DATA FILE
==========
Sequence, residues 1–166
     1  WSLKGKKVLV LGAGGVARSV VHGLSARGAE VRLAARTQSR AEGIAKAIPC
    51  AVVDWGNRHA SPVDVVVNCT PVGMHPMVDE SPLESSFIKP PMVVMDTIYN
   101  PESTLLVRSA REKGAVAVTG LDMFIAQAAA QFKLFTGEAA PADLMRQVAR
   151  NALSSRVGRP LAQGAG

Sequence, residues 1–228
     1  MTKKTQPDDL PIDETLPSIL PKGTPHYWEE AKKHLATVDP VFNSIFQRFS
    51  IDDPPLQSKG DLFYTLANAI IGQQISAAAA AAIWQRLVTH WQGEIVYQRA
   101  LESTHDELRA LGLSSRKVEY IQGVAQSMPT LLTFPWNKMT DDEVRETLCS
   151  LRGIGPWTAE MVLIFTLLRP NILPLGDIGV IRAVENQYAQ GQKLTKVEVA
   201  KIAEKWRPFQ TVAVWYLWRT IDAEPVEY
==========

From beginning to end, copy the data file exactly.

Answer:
Sequence, residues 1–166
     1  WSLKGKKVLV LGAGGVARSV VHGLSARGAE VRLAARTQSR AEGIAKAIPC
    51  AVVDWGNRHA SPVDVVVNCT PVGMHPMVDE SPLESSFIKP PMVVMDTIYN
   101  PESTLLVRSA REKGAVAVTG LDMFIAQAAA QFKLFTGEAA PADLMRQVAR
   151  NALSSRVGRP LAQGAG

Sequence, residues 1–228
     1  MTKKTQPDDL PIDETLPSIL PKGTPHYWEE AKKHLATVDP VFNSIFQRFS
    51  IDDPPLQSKG DLFYTLANAI IGQQISAAAA AAIWQRLVTH WQGEIVYQRA
   101  LESTHDELRA LGLSSRKVEY IQGVAQSMPT LLTFPWNKMT DDEVRETLCS
   151  LRGIGPWTAE MVLIFTLLRP NILPLGDIGV IRAVENQYAQ GQKLTKVEVA
   201  KIAEKWRPFQ TVAVWYLWRT IDAEPVEY